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Author Topic: So many challenges to correct a simple problem!!  (Read 853 times)

August 08, 2015, 08:47:26 AM
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Basketcase

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So many challenges to correct a simple problem!!
« on: August 08, 2015, 08:47:26 AM »
Hey all! I have an 89 osprey 175 with an 06 Etec 90 on it. Love the boat! However, the motor is too low on the transom. Anti-ventilation plate is about 1-2" under water on plane. The way the transom is drilled I cannot move the motor up. There is a bolt in the top hole of the top of the bracket and at the bottom of the slot in the bottom of the bracket (challenge #1) A new hole cannot be drilled where needed because thats where the floor meets the transom (challenge #2). Seems like a jack plate is my only option but I dont want huge setback. I've ordered a CMC bracket that only has 2.5" setback and should allow me to raise the motor using proper bolt holes. Sounds good, right? Exept that my steering is about 1" from the transom so I cant move the motor back and still be able to steer (challenge #3) I need to either switch to hydro steer (spendy) or figure out a way to move my steering out of the tilt tube and on to the front of the motor. My bass boat has dual cables and one is mounted where the hydro ram would mount. I was thinking of buying a dual cable bracket (if I can find one for my motor) and just use the front mount bracket. This should move my steering enough forward so I can move the motor backward so I can move the motor up.  :13:

Does anyone see any flaws in this plan? Does anyone have any ideas on another way to move the motor up? I'm sure I'm not the first one to run into this on these hulls. Thanks!!

August 08, 2015, 10:43:24 AM
Reply #1

fitz73222

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Re: So many challenges to correct a simple problem!!
« Reply #1 on: August 08, 2015, 10:43:24 AM »
Seems like a plausible solution. The dual cable adapter for the engine might be sourced through TH Marine or Bob's Machine shop or just check who made yours on the bassboat. Not sure why the bolt holes were drilled in that placement. The transom and splash well were designed for your bolt pattern and spacing. If there is interference for the bolt to run from the inside because of the holes proximity to the floor, you can't just run the bolt in from the outside and nut and washer on the inside? My 22-2 had to have the bottom bolts run that way because they wouldn't clear the floor from the inside but a nut and washer would. I'm probably not visualizing your issue correctly if what I suggested doesn't make sense.
1973 Aquasport 22-2, twin 115 Mercs
2000 Baycraft 175 flats boat, 60 Bigfoot Merc
1968 Boston Whaler 13, 25 Yamaha (project)
1966 Orlando Clipper 13, 9.9 Merc

August 08, 2015, 10:46:46 AM
Reply #2

RickK

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Re: So many challenges to correct a simple problem!!
« Reply #2 on: August 08, 2015, 10:46:46 AM »
Welcome aboard BC.
I didn't think my rebuild through quite well enough and it ended up that the typical engine mounting hole pattern, lower bolts, ended up on the floor joint (like yours) - my floor doesn't have the water trough in the back like most of the Aquasports.  Soooo, I bought a hydraulic jackplate, lowered the hoiles 2" and that put the lower in the bilge.  Then I ran into the problem that my hydraulic steering on the front of the engine was too deep to clear the transom. Soooo, I bought a 2" spacer and it was close to what I needed.  Then I decided to add a PowerPole adapter plate so I don't have to drill holes in the transom and that gave me another 1/2"setback.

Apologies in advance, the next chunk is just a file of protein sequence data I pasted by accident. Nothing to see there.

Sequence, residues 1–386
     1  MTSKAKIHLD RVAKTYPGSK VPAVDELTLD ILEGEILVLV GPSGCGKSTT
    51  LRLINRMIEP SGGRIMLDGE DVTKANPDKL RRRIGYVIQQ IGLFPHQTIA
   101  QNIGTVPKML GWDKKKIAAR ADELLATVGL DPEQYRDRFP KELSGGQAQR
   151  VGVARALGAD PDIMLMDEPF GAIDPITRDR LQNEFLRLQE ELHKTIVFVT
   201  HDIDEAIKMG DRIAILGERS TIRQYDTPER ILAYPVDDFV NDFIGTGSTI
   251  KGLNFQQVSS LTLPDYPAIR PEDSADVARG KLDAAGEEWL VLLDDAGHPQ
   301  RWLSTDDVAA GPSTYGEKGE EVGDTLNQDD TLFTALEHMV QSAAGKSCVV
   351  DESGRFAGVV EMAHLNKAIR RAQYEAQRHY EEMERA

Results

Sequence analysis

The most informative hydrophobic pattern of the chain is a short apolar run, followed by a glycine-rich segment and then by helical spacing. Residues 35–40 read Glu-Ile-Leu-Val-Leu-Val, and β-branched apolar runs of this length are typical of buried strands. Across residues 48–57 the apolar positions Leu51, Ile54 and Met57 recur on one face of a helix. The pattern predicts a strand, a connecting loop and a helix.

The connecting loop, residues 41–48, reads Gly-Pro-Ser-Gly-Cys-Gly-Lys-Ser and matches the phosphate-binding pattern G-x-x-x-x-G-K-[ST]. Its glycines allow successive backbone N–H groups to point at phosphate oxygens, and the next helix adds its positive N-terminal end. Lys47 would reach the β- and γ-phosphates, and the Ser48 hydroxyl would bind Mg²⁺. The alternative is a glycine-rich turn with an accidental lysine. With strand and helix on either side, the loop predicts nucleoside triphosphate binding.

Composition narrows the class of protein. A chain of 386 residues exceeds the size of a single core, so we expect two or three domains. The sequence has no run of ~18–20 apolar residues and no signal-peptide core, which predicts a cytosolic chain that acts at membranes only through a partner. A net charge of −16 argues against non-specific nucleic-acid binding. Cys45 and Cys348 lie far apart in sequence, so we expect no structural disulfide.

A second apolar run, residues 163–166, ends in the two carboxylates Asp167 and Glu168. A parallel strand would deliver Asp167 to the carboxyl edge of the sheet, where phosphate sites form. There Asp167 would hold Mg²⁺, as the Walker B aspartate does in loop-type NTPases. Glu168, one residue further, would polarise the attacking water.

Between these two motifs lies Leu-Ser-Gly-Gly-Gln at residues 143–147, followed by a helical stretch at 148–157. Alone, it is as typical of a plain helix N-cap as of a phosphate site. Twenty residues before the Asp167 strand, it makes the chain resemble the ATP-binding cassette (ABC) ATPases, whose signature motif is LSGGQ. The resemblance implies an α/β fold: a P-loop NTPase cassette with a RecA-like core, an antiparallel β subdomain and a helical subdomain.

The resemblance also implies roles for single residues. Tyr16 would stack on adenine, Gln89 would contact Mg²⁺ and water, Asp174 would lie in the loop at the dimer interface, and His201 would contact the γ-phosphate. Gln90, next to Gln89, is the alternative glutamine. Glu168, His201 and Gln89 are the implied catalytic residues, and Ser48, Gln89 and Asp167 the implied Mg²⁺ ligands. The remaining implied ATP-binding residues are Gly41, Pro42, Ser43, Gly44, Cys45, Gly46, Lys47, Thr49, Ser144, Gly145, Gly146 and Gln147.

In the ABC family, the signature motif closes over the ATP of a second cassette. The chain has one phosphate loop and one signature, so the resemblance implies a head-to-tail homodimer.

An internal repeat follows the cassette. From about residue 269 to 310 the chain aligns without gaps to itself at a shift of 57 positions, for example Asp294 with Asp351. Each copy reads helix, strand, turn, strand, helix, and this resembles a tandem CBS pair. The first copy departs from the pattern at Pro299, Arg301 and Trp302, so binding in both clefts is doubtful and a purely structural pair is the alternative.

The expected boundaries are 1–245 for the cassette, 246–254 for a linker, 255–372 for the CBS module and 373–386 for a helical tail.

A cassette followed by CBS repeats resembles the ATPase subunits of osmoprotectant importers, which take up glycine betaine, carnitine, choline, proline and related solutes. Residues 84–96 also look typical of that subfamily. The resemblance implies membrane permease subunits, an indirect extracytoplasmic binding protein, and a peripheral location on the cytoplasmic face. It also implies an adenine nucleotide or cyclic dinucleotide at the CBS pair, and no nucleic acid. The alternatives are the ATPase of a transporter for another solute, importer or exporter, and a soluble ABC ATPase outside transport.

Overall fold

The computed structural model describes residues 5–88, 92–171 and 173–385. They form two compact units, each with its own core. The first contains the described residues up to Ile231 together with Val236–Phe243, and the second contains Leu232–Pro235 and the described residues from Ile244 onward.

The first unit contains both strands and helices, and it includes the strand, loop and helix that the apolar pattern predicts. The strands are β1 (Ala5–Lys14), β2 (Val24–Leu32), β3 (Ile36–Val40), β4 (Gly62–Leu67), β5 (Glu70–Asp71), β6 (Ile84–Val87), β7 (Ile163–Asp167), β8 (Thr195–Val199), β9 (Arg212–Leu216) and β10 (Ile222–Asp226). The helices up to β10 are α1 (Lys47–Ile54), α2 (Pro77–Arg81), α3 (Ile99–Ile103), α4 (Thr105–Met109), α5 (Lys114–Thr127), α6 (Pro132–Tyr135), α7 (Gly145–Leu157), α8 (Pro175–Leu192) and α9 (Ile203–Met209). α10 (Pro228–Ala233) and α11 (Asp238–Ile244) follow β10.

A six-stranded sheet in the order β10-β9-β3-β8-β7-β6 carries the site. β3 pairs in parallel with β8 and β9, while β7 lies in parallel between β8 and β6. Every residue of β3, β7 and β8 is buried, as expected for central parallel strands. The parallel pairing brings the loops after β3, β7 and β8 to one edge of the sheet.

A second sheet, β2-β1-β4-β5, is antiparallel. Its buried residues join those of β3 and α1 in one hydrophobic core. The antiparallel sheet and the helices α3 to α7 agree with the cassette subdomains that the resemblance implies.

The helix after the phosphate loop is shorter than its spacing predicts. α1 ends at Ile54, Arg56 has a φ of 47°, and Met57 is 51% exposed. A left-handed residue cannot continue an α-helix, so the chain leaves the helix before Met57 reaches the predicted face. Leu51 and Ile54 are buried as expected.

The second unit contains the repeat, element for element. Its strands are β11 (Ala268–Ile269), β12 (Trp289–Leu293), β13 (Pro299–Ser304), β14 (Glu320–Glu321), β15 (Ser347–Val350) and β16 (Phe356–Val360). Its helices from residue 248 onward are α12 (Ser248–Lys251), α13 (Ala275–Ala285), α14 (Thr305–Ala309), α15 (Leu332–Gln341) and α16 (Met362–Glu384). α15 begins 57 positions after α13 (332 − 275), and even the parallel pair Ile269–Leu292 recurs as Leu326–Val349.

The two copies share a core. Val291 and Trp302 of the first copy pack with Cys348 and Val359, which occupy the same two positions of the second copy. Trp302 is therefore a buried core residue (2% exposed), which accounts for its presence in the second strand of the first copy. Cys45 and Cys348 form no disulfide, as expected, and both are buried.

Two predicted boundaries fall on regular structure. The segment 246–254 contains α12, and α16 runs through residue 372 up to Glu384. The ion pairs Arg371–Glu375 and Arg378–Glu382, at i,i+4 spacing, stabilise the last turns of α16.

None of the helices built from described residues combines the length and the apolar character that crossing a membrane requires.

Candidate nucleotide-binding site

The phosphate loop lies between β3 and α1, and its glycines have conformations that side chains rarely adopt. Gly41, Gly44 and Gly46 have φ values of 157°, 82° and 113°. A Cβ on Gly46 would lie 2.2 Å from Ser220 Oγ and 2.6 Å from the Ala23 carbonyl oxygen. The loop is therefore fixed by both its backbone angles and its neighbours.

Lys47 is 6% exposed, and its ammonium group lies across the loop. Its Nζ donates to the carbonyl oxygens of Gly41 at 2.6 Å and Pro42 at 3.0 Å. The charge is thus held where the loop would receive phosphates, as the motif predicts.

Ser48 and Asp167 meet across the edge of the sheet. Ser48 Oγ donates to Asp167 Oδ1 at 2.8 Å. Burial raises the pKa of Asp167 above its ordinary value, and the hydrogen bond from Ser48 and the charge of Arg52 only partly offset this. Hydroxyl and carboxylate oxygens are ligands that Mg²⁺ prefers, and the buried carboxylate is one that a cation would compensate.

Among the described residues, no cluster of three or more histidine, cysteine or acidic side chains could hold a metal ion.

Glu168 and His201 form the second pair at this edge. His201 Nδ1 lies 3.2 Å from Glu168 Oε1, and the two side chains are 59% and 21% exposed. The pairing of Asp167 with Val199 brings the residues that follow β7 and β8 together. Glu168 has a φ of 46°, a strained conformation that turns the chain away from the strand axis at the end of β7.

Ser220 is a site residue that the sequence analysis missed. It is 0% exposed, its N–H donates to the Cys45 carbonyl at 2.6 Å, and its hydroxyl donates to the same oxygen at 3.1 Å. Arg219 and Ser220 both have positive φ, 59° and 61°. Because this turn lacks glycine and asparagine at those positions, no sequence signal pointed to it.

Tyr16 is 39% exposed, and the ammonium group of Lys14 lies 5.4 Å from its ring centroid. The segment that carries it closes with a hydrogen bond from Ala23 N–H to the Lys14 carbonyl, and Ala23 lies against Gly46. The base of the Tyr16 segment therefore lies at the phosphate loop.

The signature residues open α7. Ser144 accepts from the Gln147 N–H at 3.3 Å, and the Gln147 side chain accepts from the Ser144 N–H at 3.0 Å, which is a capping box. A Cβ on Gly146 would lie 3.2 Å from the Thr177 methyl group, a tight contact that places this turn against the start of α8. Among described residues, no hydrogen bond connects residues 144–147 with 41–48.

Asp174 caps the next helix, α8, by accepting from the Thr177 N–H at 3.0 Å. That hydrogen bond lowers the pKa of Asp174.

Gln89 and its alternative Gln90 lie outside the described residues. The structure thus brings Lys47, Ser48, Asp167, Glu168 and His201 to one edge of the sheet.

A Frankenstein of sorts.
I think your plan is sound.  I didn't know about the dual cable brackets that you mentioned. That is something that our members can leverage if needed.
Rick
1971 "170" with 115 Johnson (Rebuilding it now)

1992 230 Explorer with 250 Yamaha

August 08, 2015, 12:08:16 PM
Reply #3

Basketcase

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Re: So many challenges to correct a simple problem!!
« Reply #3 on: August 08, 2015, 12:08:16 PM »
Thanks guys. I was looking for confirmation that I wasnt going to have other issues or that I was overthinking the situation. Fitz, I think you are seeing my issue and that it is clearance to the floor that is the problem. Right now the lower bolt is about 1" below the floor and trying to drill the hole higher would run it right into the end of the deck.

I found evinrude part 175322 which is a brp part made for dual steering. My local dealer has it in stock and said hed love to get rid of it! Thanks for the welcome guys. Cant wait to see what this boat does without trying to drag that plate through the water. Right now with any significant trim it's a porpoising beast and I'm not reaching rpms with a 15 pitch prop.

August 10, 2015, 10:12:14 AM
Reply #4

Basketcase

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Re: So many challenges to correct a simple problem!!
« Reply #4 on: August 10, 2015, 10:12:14 AM »
OK. So I think I have to scrap that plan. A 2.5" setback creates too many clearance issues with tilting the motor up. Motor down would be tight but OK, but when tilted up I would have some serious issues unless the motor moves up about 2" which I think would put me too high.  Even with moving the steering to the front of the motor, the issue is that now when tilting, the steering moves down, which will hit the top of the transom unless I go up a significant amount.

New Plan!! I have a fabricator locally that can make me a pair of plates out of half inch stainless. I would sandwich these plates between the motor and transom. It would have a hole drilled for the top bolt. A stud welded in the front side for the bottom bolt in the correct location, and a stud welded in the back side to use the existing bottom hole in the transom. He says that if the stud is tapped into the plate and welded in that it'd be just as strong as a through bolt. This will only set me back a half inch and solve my height adjustability problem. Thoughts??

If anyone has a technical drawing of the transom mounting holes for my etec it would really help me make the drawings I need to give him to work from. Thanks!!!

August 10, 2015, 12:02:50 PM
Reply #5

Capt. Bob

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Re: So many challenges to correct a simple problem!!
« Reply #5 on: August 10, 2015, 12:02:50 PM »
If anyone has a technical drawing of the transom mounting holes for my etec it would really help me make the drawings I need to give him to work from. Thanks!!!

http://www.manualslib.com/manual/829732/Brp-Evinrude.html?page=38#manual
]
Capt. Bob
1991 210 Walkaround
2018 Yamaha 150 4 Stroke
"Reef or Madness IV"

August 10, 2015, 01:25:50 PM
Reply #6

RickK

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Rick
1971 "170" with 115 Johnson (Rebuilding it now)

1992 230 Explorer with 250 Yamaha

August 10, 2015, 02:26:13 PM
Reply #7

Basketcase

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Re: So many challenges to correct a simple problem!!